Just days before former Mayor Kasim Reed left office, his administration showered select city employees with more than $518,000 in bonuses, and gifts that were presented during an “executive holiday party” at City Hall.
The spending spree has left the police union outraged, taxpayers fuming and council members questioning its legality.
During his last days in power, Reed awarded at least $350,000 in bonuses to his senior staff; ordered $42,500 in checks to the eight members of his security detail; gave away $36,000 by drawing names out of a hat during a holiday party raffle in December; and awarded $31,000 to lip sync and ugly sweater contest winners, also at the party.
But none of the holiday giving came out of Reed’s wallet — it all belonged to city taxpayers.
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And that’s not the full extent of the spending.
Former human resources commissioner Yvonne Yancy handed out an additional $57,500 in bonuses to 11 members of her staff just days before she left City Hall for the private sector, on Dec. 31.
In response to questions from the AJC, Reed issued a three-paragraph statement.
“Rewarding employees for service and performance is not new and has been common practice in the City of Atlanta,” says the statement, issued through Reed’s spokesman. “These bonuses were appropriate and Mayor Reed believes that the individuals who received the bonuses were worthy of them based upon their contributions to the City of Atlanta’s unprecedented growth and fiscal stability.”
Atlanta City Council President Felicia Moore called the spending “disgusting” and “illegal.”
“It just reminded me of someone having money and throwing it in the air and letting everybody catch it,” Moore said. “It’s just unconscionable. Let’s just make it clear: It’s not legal to do this. Just make it point-blank clear. He had absolutely, positively no authority to issue any of that to anybody under any circumstance,” she said.
“The mayor can only do what is authorized by the council. He did not go through the proper channels,” Moore added.
Moore pointed to a city ordinance that prohibits increasing “the salaries or other remuneration in any form of any officer or employee of the city during the fiscal year, except by ordinance” approved by the City Council.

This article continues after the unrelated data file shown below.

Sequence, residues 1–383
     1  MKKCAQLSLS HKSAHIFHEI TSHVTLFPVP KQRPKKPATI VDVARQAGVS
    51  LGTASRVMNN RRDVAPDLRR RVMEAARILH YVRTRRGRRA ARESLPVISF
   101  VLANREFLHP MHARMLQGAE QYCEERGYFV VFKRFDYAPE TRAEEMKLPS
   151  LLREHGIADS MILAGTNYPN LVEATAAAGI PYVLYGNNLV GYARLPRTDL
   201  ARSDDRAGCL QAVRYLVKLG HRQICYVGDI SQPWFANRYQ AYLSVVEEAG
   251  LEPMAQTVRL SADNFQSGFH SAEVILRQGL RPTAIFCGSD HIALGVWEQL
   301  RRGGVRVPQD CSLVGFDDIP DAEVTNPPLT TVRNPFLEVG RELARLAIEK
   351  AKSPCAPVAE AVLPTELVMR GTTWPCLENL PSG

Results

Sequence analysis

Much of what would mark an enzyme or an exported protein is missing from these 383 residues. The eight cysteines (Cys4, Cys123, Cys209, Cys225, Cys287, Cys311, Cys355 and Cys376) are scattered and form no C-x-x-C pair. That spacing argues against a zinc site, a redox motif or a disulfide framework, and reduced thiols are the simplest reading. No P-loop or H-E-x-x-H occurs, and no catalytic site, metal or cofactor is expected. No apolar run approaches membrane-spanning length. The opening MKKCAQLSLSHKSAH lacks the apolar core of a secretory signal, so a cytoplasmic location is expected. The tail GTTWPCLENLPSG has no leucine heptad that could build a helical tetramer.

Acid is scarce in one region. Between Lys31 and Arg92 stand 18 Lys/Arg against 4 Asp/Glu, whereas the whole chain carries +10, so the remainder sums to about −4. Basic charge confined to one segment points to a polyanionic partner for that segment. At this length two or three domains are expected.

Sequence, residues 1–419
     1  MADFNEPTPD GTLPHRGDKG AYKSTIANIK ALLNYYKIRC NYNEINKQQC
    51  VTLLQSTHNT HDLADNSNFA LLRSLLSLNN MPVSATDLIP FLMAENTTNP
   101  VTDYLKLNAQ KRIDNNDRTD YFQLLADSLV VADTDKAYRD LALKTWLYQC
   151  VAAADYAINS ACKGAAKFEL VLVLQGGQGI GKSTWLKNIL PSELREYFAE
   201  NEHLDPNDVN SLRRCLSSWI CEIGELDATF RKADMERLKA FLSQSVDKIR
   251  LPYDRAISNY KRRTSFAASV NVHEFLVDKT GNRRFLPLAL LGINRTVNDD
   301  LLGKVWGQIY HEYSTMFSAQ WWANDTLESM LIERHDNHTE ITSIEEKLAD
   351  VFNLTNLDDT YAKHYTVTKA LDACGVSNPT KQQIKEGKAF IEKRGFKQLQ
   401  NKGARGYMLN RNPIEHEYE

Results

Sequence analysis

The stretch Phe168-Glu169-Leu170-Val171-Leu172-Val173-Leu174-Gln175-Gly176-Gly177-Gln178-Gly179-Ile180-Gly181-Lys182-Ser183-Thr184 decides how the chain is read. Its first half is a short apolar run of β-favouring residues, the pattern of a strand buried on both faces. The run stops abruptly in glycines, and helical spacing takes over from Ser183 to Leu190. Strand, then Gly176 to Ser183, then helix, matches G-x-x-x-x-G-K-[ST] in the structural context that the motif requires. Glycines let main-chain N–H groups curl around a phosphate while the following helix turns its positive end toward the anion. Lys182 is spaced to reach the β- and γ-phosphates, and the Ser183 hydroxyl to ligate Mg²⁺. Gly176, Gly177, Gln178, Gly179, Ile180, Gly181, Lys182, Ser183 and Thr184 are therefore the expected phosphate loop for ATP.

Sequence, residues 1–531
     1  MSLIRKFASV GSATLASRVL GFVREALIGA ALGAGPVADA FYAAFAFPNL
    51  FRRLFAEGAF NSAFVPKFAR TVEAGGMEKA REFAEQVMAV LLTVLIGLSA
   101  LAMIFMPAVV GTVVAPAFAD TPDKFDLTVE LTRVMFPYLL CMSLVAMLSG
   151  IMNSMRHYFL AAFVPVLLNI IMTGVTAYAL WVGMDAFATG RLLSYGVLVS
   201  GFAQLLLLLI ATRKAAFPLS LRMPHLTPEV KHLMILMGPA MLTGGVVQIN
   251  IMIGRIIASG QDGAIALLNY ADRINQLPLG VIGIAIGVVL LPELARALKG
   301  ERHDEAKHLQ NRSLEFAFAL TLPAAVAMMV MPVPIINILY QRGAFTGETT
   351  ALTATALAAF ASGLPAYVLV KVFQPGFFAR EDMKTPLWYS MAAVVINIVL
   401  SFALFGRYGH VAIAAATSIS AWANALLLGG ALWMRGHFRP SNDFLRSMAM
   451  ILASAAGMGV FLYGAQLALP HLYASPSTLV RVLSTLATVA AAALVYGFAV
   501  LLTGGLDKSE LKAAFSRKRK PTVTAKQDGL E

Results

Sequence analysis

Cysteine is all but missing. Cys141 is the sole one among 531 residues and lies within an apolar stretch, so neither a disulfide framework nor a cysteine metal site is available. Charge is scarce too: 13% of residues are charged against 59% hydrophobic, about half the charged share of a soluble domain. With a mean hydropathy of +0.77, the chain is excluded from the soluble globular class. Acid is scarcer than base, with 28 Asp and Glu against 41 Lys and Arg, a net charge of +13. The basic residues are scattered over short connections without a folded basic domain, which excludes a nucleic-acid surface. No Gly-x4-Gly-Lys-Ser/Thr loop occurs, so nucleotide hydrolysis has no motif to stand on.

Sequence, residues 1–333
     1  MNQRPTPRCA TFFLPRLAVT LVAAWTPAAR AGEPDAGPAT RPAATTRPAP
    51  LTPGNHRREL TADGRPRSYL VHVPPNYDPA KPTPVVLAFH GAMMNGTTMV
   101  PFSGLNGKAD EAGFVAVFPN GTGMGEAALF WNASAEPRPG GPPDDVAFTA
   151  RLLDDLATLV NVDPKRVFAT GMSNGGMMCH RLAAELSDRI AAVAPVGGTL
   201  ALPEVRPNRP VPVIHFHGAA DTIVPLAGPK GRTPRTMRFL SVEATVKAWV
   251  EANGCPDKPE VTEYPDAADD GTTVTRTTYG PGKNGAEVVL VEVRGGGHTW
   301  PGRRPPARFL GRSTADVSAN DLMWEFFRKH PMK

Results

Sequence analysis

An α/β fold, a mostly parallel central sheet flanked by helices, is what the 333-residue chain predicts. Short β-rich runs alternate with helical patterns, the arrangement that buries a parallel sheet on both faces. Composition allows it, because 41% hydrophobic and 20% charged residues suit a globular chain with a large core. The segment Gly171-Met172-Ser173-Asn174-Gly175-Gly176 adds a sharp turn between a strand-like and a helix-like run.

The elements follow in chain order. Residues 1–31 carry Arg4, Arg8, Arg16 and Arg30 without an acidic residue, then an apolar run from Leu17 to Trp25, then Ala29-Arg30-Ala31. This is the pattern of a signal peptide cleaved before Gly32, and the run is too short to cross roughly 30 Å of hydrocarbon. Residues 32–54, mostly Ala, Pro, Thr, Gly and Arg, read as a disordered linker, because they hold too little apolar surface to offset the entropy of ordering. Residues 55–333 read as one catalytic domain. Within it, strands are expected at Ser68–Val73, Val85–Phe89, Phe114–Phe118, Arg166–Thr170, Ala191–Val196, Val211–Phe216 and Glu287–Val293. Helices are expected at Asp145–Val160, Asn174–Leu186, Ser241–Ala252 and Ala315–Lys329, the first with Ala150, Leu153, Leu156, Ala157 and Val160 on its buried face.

Mayor Keisha Lance Bottoms, whose campaign was endorsed by Reed, did not respond to the AJC’s questions about the appropriateness of using taxpayer money for contests and raffles. She also declined to respond when asked if the bonuses were appropriate and whether she would award them at the end of the year.
“Decisions around the bonuses were made without input from the current administration,” the statement said. “However, Mayor Bottoms will continue to carefully evaluate best practices, prioritizing ways in which city business can be conducted in a transparent and responsible manner.”
‘A bunch of questions here’
The city’s code stipulates several circumstances under which employees may receive bonuses.
Police officers can receive retention bonuses of $3,000 after 5 years of service. Some employees can receive 2-percent bonuses for being bilingual or by earning a special certification. The city also provides longevity bonuses up to $750 for employees who have been with the city for 25 years or more.
City ordinances do not appear to authorize payments or bonuses of arbitrary amounts for unspecified reasons.
“There are a bunch of questions here,” said Councilman Howard Shook, who chairs the City Council’s Finance/Executive Committee. “I couldn’t think of a worse time to dole out bonuses of this nature from a political perspective. Everything is so unsettled. Morale is so low. Everyone is waiting for the next piece of bad news.
“Obviously, we are all now going to contemplate what guardrails need to be put around this process,” Shook said.
The Georgia State Constitution’s gratuities clause prohibits public agencies from granting donations, gratuities and “extra compensation to any public officer, agent, or contractor after the service has been rendered or the contract entered into.”
An unofficial opinion from the Georgia Attorney General in 2002 dealt with whether public hospital authorities could offer prospective employees signing bonuses. It said they could “if the authority receives a substantial benefit in exchange for the signing bonus.”
Georgia State Rep. Chuck Martin, a Republican, and chairman of the state house’s Budget and Fiscal Affairs Oversight Committee, said the gratuities clause generally prohibits taxpayer money from being spent without taxpayers receiving something in return.
“If those types of bonuses hadn’t been done previously, it would seem to me to call into question the reason for them here,” said Martin, a former Mayor of Alpharetta. “If I was a taxpayer in Atlanta, I would certainly wonder: Wouldn’t that half-a-million dollars been better spent recruiting people to work for me in 2018 and beyond?”
Reed did not address the AJC’s questions about whether metrics were used to determine the amounts of bonuses; nor did he say what the city would receive in return for giving the bonuses.
A spokeswoman for Attorney General Chris Carr did not respond to an email about whether the gratuities clause applied to the City of Atlanta’s recent bonuses. Shook said he couldn’t recall similar payouts during his 16 years on the City Council.